Thanks to Naomiatt & Uncle John for their imput.

Olde Crone Holden
12-11-10, 10:24
Alan

Sorry, I couldn't face lookiong for a William Watkins, lol!

OC

AlanC
12-11-10, 10:38
I did a search at your suggestion OC and very quickly gave up...............dozens of them.

Inahaystack
13-11-10, 18:24
Collins Dictionary has spital listed as :-
spital [ˈspɪtəl]n Obsolete1. (Medicine) a hospital, esp for the needy sick
2. a highway shelter[C13 spitel, changed from Medieval Latin hospitāle hospital]


Collins English Dictionary – Complete and Unabridged (http://www.thefreedictionary.com/_/misc/HarperCollinsProducts.aspx?English) © HarperCollins Publishers 1991, 1994, 1998, 2000, 2003

margaretmarch
13-11-10, 18:44
Could it be something to do with 'spit' roasting? Is spit short for spital which would be say for a hog roast
Margaret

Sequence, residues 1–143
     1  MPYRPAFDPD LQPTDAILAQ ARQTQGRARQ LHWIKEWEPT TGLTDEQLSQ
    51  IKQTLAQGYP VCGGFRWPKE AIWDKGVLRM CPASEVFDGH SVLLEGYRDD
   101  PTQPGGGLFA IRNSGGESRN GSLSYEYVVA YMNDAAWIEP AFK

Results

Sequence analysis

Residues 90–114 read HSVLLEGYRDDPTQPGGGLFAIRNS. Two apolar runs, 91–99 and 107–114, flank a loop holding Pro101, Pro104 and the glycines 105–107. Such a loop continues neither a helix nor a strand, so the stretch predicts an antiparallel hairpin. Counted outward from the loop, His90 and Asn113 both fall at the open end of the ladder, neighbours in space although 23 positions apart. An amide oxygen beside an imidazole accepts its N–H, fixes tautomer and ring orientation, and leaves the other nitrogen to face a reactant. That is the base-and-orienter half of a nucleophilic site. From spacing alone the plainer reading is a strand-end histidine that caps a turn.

Janet in Yorkshire
13-11-10, 20:20
Could it be a spurtle turner?
I don't make porridge, but I do have a spurtle, which I use for stirring other things. The wood would have to be shaped and turned to get the correct shape.

Jay

AlanC
13-11-10, 23:00
I like the idea of a Medical reference and Margarets Spit roasting appeals to me. Some Historian will know and until he or she comes forward, we can only speculate. I actually lived in a place called 'Spital' on the Wirral which is only a couple of miles from a big Oncology Hospital.
Janet, the writing is very clear but as mentioned earlier, it could have been transcribed incorrectly.

Inahaystack
14-11-10, 00:15
Spurtle can be spelt 'spirtle'. Perhaps it is a spelling mistake - often happened

Janet in Yorkshire
14-11-10, 00:15
Janet, the writing is very clear but as mentioned earlier, it could have been transcribed incorrectly.